Secondly, NATO leaders felt they could not, in 1979 or thereafter, state in public that there was a strategic case for Pershing IIs and GLCMs and that some of them had to be deployed irrespective of arms control. This was for political reasons. For example, crucial non-nuclear European NATO allies, like Germany and the Netherlands, did not make such clear-cut public statements. The arms control process culminated in the INF Treaty and steamrolled NATO strategy by eliminating INF systems that many continued to regard as crucial given the rationale of the 1979 dual-track decision. Moreover, problems in other parts of the military balance, such as disparities in conventional or chemical weapons, were not addressed. Thus, the arms control process also produced destabilizing side-effects and political problems in NATO, along with the positive effects on the melting of Cold War tensions. But the Cold War ended, the Soviet Union collapsed, a strengthened NATO survived and the problem of nuclear deterrence in Europe more or less faded away (for a while).
Why does this matter today?
Moscow has been in violation of its INF Treaty obligations apparently for years. What’s more, Russia has reportedly crossed a critical threshold: Its new GLCMs threaten Europe because Russia has reportedly begun to deploy these missiles in locations where they can hold targets in Europe at risk. It seems that the INF Treaty is effectively dead, even if the doctors have not made the pronouncement yet.
But the INF problem today is very different from the past INF problem. It should not be framed once again – as an inaccurate understanding of history would suggest – as an action-reaction problem in the sense that Russia’s actions allegedly necessitate a response in kind or an imitation to restore equilibrium. A tough policy in light of Russia’s violations of the INF Treaty might be called for. This is an early test of the Trump administration and of the integrity of the NATO alliance. In this regard, three historically-informed aspects are worth considering.
First, similar to the proceeding in the late 1970s, the NATO allies should define, in a thorough process of consultation and under strong U.S. leadership, the scope of the problem. They should seek to develop a common view on why Russia pays the political cost to violate the INF Treaty without withdrawing from it and how the new ground-launched cruise missile fits into Russian military strategy.
Second, NATO allies must determine which military capabilities will be necessary for NATO’s deterrence strategy. Instead of being trapped by the logic of an alleged need of imitating Russia on INF, other decisions might be better. It might seem prudent to the United States and its allies to choose options that would not force the United States to alter its INF Treaty obligations or to give Russian President Vladimir Putin the present of withdrawing from the treaty. In this sense, some suggested deploying a mix of additional offensive and limited defensive capabilities or sea-based nuclear-tipped cruise missiles. A policy of imitating Russia on INF would also raise a question: Why does NATO not see a need to mimic Russia’s policy of maintaining a large arsenal of sub-strategic nuclear “scalpels?”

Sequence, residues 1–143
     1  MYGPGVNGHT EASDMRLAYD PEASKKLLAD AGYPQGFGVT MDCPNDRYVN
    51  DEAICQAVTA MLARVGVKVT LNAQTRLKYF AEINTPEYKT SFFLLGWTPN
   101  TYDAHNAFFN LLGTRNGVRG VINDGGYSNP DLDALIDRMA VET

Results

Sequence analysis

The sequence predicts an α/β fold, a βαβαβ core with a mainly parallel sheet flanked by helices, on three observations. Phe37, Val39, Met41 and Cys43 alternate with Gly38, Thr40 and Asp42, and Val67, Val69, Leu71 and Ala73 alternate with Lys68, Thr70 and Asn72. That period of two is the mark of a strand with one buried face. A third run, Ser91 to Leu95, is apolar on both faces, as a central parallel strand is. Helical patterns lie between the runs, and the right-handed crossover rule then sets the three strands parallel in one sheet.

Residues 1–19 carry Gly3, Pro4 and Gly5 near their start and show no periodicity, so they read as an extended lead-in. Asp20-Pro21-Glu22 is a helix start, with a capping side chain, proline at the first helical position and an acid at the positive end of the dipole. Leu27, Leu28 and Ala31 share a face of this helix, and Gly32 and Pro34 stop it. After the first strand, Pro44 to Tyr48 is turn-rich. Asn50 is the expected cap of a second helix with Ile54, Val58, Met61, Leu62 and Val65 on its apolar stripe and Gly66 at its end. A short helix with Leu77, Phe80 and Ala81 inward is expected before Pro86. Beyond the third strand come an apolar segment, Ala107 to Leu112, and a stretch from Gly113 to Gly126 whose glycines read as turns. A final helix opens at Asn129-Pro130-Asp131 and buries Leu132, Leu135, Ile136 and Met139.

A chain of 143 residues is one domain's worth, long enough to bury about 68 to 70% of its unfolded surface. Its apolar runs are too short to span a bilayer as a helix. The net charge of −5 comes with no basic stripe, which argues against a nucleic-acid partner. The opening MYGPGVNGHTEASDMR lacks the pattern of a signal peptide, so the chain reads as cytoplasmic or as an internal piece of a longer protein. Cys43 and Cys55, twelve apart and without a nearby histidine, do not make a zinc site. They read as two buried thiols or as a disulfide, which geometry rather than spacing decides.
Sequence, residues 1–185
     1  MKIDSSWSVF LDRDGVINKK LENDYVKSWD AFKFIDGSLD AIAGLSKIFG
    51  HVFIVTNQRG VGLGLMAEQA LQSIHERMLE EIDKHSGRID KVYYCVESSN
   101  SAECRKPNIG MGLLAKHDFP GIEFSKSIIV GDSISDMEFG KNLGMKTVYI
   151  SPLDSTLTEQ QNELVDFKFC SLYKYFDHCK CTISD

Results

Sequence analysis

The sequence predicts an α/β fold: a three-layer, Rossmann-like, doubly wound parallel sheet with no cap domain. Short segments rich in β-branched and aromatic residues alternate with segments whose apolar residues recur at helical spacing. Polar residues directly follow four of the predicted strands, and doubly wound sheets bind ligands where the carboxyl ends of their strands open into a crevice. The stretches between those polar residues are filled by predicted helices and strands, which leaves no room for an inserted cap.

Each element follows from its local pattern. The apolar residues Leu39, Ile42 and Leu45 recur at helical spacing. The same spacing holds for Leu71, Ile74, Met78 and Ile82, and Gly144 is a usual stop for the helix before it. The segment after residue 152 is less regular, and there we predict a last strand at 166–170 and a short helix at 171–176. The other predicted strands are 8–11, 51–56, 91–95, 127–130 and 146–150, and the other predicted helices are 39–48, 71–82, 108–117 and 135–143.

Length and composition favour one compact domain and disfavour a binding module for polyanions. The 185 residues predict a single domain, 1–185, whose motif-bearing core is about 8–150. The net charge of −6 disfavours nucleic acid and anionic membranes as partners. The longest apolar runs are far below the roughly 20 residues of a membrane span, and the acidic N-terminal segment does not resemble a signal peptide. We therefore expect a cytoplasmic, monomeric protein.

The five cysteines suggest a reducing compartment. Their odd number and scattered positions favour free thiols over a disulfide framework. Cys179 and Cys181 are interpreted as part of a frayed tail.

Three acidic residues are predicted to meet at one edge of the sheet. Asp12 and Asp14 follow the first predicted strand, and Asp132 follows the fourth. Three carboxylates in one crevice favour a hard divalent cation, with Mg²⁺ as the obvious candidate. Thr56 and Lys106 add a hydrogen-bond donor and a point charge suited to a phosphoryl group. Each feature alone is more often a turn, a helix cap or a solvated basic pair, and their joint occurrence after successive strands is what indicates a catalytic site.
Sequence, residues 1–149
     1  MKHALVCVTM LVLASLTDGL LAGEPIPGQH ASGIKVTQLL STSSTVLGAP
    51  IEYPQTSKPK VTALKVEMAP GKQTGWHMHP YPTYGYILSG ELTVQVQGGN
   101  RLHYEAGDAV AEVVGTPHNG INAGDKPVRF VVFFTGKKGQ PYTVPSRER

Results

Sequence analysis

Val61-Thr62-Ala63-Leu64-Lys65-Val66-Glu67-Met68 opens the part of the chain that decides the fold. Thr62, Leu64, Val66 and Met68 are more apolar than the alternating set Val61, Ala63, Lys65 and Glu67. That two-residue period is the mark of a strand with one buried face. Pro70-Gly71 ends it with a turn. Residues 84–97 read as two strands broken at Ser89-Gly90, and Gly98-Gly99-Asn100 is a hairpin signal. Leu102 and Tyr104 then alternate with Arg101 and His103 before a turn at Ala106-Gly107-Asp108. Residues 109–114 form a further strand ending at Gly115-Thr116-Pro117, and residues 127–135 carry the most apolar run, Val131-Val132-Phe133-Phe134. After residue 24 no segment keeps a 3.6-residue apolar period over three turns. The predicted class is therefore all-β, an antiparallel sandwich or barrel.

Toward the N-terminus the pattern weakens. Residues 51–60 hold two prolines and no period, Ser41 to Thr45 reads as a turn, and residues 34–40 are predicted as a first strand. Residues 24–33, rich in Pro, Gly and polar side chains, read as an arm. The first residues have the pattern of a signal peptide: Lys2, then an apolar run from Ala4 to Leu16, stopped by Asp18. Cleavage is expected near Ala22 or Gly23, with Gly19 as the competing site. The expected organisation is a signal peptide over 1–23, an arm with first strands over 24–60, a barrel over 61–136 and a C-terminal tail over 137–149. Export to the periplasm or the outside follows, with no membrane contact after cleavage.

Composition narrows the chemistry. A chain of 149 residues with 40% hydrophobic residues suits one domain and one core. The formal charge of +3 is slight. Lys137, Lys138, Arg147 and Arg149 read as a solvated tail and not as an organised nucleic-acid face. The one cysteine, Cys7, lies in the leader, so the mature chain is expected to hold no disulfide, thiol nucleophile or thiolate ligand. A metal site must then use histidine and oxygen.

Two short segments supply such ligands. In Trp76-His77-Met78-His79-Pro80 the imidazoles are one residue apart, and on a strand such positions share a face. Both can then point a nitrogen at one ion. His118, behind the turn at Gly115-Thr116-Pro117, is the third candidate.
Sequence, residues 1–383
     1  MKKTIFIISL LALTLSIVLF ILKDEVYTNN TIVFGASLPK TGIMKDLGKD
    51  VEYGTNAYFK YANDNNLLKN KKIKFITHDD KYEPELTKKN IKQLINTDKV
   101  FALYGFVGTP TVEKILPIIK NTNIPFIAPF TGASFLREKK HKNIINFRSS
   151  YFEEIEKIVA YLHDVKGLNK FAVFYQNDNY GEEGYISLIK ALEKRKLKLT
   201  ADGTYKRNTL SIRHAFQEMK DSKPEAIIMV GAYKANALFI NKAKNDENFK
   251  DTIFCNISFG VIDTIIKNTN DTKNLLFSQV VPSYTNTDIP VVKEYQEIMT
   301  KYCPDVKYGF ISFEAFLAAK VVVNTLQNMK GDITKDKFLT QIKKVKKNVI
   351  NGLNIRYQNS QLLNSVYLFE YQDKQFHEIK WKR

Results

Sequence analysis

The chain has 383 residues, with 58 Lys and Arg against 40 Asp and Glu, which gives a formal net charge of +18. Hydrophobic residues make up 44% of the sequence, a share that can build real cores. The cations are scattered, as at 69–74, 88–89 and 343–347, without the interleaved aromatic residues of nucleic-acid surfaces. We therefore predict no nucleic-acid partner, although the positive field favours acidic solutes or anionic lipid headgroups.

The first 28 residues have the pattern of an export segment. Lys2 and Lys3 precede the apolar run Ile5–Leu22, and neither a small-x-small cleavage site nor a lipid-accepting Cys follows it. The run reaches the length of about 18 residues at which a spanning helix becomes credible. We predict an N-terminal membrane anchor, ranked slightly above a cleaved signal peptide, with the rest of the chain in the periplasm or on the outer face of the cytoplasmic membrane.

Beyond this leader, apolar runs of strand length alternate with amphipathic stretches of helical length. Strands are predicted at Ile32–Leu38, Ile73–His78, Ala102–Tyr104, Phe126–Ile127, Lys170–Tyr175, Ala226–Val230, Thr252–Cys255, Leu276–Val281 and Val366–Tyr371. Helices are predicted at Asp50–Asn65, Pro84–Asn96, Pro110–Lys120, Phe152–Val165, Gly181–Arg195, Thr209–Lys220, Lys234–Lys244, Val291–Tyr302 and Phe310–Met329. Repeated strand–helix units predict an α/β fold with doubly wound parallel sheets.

Finally, NATO allies should be straightforward to the public about decisions they deem necessary. In the early 1980s, there was a risk that domestic support in Europe for NATO’s deterrence policy might collapse under the pressure of Soviet propaganda and protesters in the streets of Europe. But this wound was partially a self-inflicted one, given the lack of determination to inform the public about what was deemed necessary for deterrence. Choices about adapting NATO’s setup of deterrence and defense capabilities in light of today’s INF Treaty crisis should be coupled with an information policy that reflects NATO unity in an effort to legitimatize NATO decisions. It is not clear why this difficult task would be any easier under conditions of U.S. suspension of its INF Treaty obligations, U.S. withdrawal from the treaty, or ground-launched cruise missile deployments in Europe. If NATO allies nevertheless agree to deploy such cruise missiles, it will be inadvisable to dance around the question in public whether this step is necessary.
Andreas Lutsch holds a doctor philosophiae in history from Johannes Gutenberg-University Mainz, Germany, and is a Postdoctoral Nuclear Security Fellow at the Center for International Security and Cooperation (CISAC) at Stanford University. His first book will be published in cooperation with the Zentrum für Militärgeschichte und Sozialwissenschaften der Bundeswehr, Potsdam, in early 2018. It is entitled: “Westbindung oder Gleichgewicht? Die nukleare Sicherheitspolitik der Bundesrepublik Deutschland zwischen Atomwaffensperrvertrag und NATO-Doppelbeschluss (1961-1979).“